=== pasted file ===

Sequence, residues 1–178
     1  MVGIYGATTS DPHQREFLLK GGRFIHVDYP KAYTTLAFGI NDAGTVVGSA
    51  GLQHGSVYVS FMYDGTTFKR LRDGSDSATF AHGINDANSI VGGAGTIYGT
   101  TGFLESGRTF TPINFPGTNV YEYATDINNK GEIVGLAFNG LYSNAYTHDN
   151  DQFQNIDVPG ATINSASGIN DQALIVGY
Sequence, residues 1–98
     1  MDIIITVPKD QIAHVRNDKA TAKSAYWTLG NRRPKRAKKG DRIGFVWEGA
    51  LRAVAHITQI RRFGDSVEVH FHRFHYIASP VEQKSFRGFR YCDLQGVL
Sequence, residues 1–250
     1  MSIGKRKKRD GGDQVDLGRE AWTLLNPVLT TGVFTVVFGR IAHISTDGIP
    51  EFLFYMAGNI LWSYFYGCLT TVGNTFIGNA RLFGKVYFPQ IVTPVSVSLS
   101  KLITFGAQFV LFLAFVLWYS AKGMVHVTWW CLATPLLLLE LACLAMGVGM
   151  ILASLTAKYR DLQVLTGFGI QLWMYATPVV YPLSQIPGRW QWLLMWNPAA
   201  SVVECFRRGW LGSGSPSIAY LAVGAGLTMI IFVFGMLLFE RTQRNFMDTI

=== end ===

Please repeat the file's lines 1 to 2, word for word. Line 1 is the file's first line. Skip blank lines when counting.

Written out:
Sequence, residues 1–178
     1  MVGIYGATTS DPHQREFLLK GGRFIHVDYP KAYTTLAFGI NDAGTVVGSA